release repo structure and 3.3.2

David Caro dcaroest at
Wed Jan 15 23:58:08 UTC 2014

El mié 15 ene 2014 19:04:04 CET, Alon Bar-Lev escribió:
> ----- Original Message -----
>> From: "David Caro" <dcaroest at>
>> To: "Alon Bar-Lev" <alonbl at>
>> Cc: "Sandro Bonazzola" <sbonazzo at>, "infra" <infra at>, "Kiril Nesenko" <kiril at>
>> Sent: Wednesday, January 15, 2014 5:47:59 PM
>> Subject: Re: release repo structure and 3.3.2
>> El mié 15 ene 2014 16:30:00 CET, Alon Bar-Lev escribió:
>>> ----- Original Message -----
>>>> From: "David Caro" <dcaroest at>
>>>> To: "Sandro Bonazzola" <sbonazzo at>, "Alon Bar-Lev"
>>>> <alonbl at>, "infra" <infra at>
>>>> Cc: "Kiril Nesenko" <kiril at>
>>>> Sent: Wednesday, January 15, 2014 5:26:32 PM
>>>> Subject: Re: release repo structure and 3.3.2
>>>> El 07/01/14 15:31, Sandro Bonazzola escribió:
>>>>> Il 01/01/2014 10:42, Alon Bar-Lev ha scritto:
>>>>>> Hi,
>>>>>> For some reason there 3.3.2 z-stream was released in its own repository
>>>>>> so
>>>>>> people that are subscribed to stable[1] did not get it.
>>>>> Why not?
>>>>> stable release had ovirt-release-10 which enabled both stable and 3.3.2
>>>>> repository by yum updating it.
>>>>>> There is no much sense in releasing fix release that people do not get
>>>>>> in
>>>>>> simple "yum update".
>>>>>> Also the following is now broken of most packages' spec:
>>>>>> Source0:
>>>>>> For each minor we should have rolling repository, to reduce noise and
>>>>>> provide service.
>>>>>> All released tarballs (sources) should be stored at fixed location to
>>>>>> allow distro specific code to fetch, the location must be synced with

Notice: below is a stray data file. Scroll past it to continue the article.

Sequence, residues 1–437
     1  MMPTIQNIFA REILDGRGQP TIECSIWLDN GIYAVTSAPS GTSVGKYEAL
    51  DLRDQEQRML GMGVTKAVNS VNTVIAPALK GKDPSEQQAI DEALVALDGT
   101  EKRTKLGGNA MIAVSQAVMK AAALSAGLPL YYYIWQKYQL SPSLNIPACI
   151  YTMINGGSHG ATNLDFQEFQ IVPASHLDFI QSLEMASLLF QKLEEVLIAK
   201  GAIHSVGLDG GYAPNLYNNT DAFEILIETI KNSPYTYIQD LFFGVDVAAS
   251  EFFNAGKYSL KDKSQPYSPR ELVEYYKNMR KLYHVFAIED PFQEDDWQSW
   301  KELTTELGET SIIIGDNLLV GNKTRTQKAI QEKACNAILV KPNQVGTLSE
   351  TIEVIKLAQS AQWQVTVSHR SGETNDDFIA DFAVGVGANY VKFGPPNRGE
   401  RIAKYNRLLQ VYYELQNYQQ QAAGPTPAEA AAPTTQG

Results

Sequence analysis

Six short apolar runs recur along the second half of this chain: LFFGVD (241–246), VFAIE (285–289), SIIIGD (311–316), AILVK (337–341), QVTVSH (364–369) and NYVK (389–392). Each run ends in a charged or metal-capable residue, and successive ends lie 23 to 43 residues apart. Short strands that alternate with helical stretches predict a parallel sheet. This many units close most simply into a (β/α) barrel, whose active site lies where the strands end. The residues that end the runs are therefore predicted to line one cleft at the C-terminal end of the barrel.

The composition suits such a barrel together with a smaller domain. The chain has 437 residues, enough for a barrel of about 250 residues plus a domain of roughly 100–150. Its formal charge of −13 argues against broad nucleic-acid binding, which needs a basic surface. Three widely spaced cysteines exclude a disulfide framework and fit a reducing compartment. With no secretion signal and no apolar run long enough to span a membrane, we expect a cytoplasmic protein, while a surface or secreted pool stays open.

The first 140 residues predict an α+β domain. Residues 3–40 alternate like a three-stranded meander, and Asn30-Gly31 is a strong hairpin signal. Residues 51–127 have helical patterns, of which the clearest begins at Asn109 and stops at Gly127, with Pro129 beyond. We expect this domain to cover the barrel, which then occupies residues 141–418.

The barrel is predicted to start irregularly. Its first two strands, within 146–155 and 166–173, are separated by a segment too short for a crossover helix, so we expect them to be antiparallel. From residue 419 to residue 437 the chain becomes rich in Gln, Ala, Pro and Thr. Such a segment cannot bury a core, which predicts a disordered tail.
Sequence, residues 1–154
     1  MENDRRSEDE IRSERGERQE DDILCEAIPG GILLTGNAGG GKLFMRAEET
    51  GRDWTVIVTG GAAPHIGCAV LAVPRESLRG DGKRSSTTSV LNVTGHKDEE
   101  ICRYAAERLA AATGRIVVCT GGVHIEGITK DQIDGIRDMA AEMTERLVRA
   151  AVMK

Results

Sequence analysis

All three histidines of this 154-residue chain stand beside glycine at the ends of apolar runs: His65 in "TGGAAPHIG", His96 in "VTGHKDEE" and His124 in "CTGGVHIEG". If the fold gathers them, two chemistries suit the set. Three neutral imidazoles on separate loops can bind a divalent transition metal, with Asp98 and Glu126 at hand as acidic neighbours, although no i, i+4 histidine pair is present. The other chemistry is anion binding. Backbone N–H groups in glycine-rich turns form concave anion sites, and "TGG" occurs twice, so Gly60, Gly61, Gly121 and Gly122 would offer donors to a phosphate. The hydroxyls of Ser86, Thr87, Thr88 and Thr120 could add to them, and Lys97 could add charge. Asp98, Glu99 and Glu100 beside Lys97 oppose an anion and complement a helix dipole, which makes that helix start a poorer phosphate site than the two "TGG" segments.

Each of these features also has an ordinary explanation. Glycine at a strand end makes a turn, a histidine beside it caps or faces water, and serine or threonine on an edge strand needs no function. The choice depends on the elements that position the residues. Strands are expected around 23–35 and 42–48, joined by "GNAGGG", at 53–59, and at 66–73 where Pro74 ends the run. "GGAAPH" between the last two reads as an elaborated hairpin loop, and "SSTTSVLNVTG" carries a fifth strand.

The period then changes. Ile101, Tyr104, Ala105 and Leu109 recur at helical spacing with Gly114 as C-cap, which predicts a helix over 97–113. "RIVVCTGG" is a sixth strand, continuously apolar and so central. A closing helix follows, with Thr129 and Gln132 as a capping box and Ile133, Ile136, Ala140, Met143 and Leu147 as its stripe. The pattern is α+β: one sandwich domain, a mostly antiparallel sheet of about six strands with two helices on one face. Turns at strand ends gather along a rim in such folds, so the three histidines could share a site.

>>>>>> what we publish.
>>>>>> Immediate action is to move the 3.3.2 content into the stable directory.
>>>>> So previous request of having each release in its own repository has been
>>>>> retired?
>>>>> Or is it combined?
>>>>> Do we want stable to be a rolling repository and have also a repository
>>>>> for
>>>>> each version?
>>>>> I'm not against having rolling packages in just one stable repository, I
>>>>> just want to understand what is the desired structure of the
>>>>> repositories.
>>>> I am, having a stable repository with rolling rpms is a lot more hard to
>>>> manage
>>>> and maintain than having separated individual complete repos.
>>>> Because what we are actually delivering is not a specific rpm, but the
>>>> whole
>>>> set, that is, one repository with the set of rpms that were tested
>>>> together
>>>> and
>>>> validated. If at any point you want to mix them, you still can adding the
>>>> other
>>>> repos.
>>>> For updates just updating the directory where the 'stable' link points
>>>> gets
>>>> it done.
>>>> For rollbacks you'll have to configure the old repo. That is not as
>>>> annoying
>>>> as